First woman ABE undergraduate reflects on time at Iowa State

The Des Moines Register interviewed Jill Fratini for its Sunday edition on Feb. 8, 1976. <i>(Des Moines Register Archives)</i>
The Des Moines Register interviewed Jill Fratini for its Sunday edition on Feb. 8, 1976. Click to enlarge. (Des Moines Register Archives)
Factor Analysis: Jill Fratini
Ep 101: Jill Fratini

Jill Fratini forged a unique path as an engineer and a working mother 

The face of Jill (Randall) Fratini smiles up at the reader of the Feb. 8, 1976, edition of the Des Moines Sunday Register. Fratini (’78 B.S. agricultural and biosystems engineering) is prepping to test characteristics of a one-half horsepower motor in Davidson Hall, the former home of Iowa State University’s (ISU) Agricultural and Biosystems Engineering Department.

Fratini is the first woman to graduate from ISU with an undergraduate degree in agricultural and biosystems engineering.

The article, “Women engineers forge into new fields,” written by Joan Miller and Robert J. Modersohn, takes the reader to a time when the number of female students in Iowa State’s engineering programs was just beginning to grow. The article states that 202 women were enrolled in undergraduate engineering. Women engineers like Fratini made up about six percent of the college’s 3,300 engineering undergraduates.

“All the guys in my major knew my name,” Fratini said. “Being the only woman in a group tends to make you stick out.”

Sticking out wasn’t a bad thing — at least, not for Fratini. If anything, being the first offered her an opportunity to stretch her abilities.

“I just had such a good time learning,” she said. “None of my classmates were condescending, none of them were arrogant. I think they really enjoyed having someone different in the classroom.”

<i>Des Moines Register Archives</i>
Des Moines Register Archives

That doesn’t mean everything was a breeze for the first woman ABE undergrad. Fratini remembers one instance when she sought help from a physics professor.

“He leaned back in his chair and said to me, ‘Some women just are not destined for this class. They’re just not smart enough to handle it,’” Fratini said. “I told him, ‘I’m not one of those women.’ I turned on my heels, and I walked out.”

Since there weren’t many female students in the courses she was taking, Fratini made friends with her male classmates. Those classmates came to understand better the struggles of women engineers through their experiences with Fratini. For example, a simple welding course meant a load of equipment alterations.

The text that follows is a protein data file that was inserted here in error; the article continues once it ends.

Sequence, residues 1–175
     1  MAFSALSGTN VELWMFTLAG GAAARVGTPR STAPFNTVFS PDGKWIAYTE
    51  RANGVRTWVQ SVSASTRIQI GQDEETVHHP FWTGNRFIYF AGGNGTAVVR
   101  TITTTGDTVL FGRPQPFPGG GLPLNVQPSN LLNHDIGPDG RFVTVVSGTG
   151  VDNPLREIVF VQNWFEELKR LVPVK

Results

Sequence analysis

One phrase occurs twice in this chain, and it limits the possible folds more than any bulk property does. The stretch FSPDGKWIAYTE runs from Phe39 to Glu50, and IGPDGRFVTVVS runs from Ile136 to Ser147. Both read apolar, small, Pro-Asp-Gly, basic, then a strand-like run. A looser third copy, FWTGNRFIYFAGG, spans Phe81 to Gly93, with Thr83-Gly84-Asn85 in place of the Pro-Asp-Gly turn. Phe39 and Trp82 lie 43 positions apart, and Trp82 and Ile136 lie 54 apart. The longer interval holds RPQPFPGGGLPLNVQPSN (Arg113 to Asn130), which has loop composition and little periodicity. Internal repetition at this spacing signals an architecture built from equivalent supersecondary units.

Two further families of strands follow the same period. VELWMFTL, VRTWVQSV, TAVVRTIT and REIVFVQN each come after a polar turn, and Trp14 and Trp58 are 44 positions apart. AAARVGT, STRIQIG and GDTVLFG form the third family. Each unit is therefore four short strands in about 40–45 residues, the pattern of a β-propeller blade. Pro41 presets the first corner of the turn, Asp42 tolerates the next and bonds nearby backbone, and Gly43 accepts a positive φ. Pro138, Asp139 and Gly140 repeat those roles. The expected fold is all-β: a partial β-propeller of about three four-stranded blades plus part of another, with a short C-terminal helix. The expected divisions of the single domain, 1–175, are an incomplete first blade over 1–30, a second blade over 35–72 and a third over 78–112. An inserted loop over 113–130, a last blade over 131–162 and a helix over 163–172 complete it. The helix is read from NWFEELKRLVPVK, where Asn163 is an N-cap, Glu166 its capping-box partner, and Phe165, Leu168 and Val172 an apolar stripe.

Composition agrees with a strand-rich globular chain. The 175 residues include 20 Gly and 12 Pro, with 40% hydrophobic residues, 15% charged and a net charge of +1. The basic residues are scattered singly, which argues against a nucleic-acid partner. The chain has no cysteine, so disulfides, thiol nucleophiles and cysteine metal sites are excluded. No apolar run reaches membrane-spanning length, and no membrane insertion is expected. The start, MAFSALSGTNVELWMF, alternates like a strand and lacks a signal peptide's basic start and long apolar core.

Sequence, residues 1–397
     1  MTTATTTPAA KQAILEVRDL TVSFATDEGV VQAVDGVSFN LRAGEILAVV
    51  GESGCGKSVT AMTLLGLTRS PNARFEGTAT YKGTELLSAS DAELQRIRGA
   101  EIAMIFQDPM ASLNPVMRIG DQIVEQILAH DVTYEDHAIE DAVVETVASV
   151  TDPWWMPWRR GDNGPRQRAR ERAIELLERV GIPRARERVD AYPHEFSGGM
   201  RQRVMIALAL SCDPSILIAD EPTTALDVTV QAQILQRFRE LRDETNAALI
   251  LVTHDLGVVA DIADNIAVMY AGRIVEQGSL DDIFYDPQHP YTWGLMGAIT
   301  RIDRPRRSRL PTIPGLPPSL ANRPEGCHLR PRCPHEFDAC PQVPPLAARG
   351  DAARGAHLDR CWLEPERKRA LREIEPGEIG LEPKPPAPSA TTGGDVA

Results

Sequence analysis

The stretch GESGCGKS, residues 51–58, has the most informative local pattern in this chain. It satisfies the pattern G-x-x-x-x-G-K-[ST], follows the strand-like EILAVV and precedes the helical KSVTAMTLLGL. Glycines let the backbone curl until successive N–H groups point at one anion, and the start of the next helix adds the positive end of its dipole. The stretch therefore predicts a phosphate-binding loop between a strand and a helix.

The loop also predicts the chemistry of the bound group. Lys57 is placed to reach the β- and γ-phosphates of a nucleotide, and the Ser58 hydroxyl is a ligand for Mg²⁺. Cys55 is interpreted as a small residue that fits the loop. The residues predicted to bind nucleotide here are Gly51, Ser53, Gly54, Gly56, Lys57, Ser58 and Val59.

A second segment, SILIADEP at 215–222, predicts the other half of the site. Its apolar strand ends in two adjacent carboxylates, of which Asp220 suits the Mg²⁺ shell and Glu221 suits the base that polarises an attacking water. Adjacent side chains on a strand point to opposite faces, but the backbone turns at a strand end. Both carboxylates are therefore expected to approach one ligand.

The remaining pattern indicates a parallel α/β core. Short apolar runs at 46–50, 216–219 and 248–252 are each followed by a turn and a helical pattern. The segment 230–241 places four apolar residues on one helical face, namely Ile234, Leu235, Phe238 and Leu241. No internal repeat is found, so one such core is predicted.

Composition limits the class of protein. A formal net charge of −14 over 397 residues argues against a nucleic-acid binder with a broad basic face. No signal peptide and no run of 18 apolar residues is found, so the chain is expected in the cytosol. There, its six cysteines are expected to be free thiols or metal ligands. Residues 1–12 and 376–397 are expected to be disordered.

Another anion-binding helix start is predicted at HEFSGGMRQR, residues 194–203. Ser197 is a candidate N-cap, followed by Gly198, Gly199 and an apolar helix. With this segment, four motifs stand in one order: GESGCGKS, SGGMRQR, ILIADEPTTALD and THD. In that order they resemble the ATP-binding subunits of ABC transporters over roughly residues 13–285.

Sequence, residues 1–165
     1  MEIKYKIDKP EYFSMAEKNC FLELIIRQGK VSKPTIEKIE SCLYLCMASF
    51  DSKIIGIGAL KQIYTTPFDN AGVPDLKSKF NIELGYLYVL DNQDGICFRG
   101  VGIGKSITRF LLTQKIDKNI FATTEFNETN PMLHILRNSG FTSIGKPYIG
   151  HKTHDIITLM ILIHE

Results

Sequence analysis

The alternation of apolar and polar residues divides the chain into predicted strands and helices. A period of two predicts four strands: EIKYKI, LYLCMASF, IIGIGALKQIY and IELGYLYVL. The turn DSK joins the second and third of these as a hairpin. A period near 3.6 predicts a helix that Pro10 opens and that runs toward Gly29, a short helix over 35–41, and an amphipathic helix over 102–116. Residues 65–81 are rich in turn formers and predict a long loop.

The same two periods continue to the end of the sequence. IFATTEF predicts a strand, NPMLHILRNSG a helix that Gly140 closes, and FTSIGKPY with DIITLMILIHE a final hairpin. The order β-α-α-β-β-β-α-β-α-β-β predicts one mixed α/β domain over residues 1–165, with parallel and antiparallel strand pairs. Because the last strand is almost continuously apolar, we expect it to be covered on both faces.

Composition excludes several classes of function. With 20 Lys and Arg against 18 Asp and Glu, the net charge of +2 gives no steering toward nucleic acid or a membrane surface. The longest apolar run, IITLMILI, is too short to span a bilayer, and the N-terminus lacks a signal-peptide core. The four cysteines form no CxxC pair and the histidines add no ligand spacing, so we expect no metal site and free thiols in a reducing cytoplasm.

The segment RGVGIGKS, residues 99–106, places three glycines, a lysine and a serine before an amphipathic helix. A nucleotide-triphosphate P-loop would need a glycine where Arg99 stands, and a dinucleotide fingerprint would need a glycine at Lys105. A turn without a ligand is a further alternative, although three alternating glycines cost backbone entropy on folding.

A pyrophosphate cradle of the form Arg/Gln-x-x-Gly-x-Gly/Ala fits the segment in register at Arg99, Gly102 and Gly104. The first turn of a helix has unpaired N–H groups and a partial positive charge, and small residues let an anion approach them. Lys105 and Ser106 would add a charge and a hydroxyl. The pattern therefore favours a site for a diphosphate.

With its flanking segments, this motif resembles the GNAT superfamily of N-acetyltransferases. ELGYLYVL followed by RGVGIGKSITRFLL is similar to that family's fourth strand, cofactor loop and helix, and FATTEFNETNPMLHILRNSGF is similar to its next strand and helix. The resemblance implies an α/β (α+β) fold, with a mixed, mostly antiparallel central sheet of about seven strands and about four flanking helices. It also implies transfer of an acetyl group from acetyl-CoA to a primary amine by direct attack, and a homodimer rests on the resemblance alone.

“My gloves were too big, my helmet was too big,” Fratini said. “Every time I would tip my head forward, the helmet would fall off. So the guys and I stuffed shop towels inside the helmet to make it stay on my head.”

A native Midwesterner, Fratini grew up in Minneapolis, Minnesota, before moving to Decatur, Illinois. After graduating from ISU, she returned to Decatur to work at Archer Daniels Midland (ADM). It was during her time at ADM that doctors diagnosed Fratini with multiple sclerosis (MS). Fratini went from working full days to needing half-day work, which was not readily available for women engineers.

One of Fratini’s favorite pastimes is hiking and traveling with her husband, Tony (middle photo, right side), and their two miniature Schnauzers.
Courtesy Fratini

However, Fratini found other ways to use her problem-solving skills. She worked as an accountant and built her own timber frame house. She raised three daughters. The eldest, Kimberly Cavill (2003 B.S. English), also graduated from Iowa State. Even today, Fratini sees her daughters face many of the same issues she herself faced.

“I always felt that I had to study harder and work harder just to catch up,” she said. “I hope it comes to pass someday that women are taken as seriously in the workforce as men, and they don’t have to work harder to be treated equally.”

Fratini <i>(left)</i> and her husband, Tony, pause during one of their wilderness hikes for a quick photo. <br /> <i>Courtesy Fratini</i>
Fratini (left) and her husband, Tony, pause during one of their wilderness hikes for a quick photo.
Courtesy Fratini

Fratini is now 62 years old. She is retired and spends her winters in the Southwest with her husband, Tony (’86 B.S. mechanical engineering). Every day, she completes weight training in a constant fight against MS.

“Engineering teaches you how to think and how to problem solve, and you can apply that to anything that you do in life,” she said.

Though women still face career challenges in science, technology, engineering and math, Fratini believes each challenge is its own reward.

“I think that any woman who wants to pursue a STEM major must have an inherent drive,” she said. “Not to show the world, but to show herself that she can do it.”


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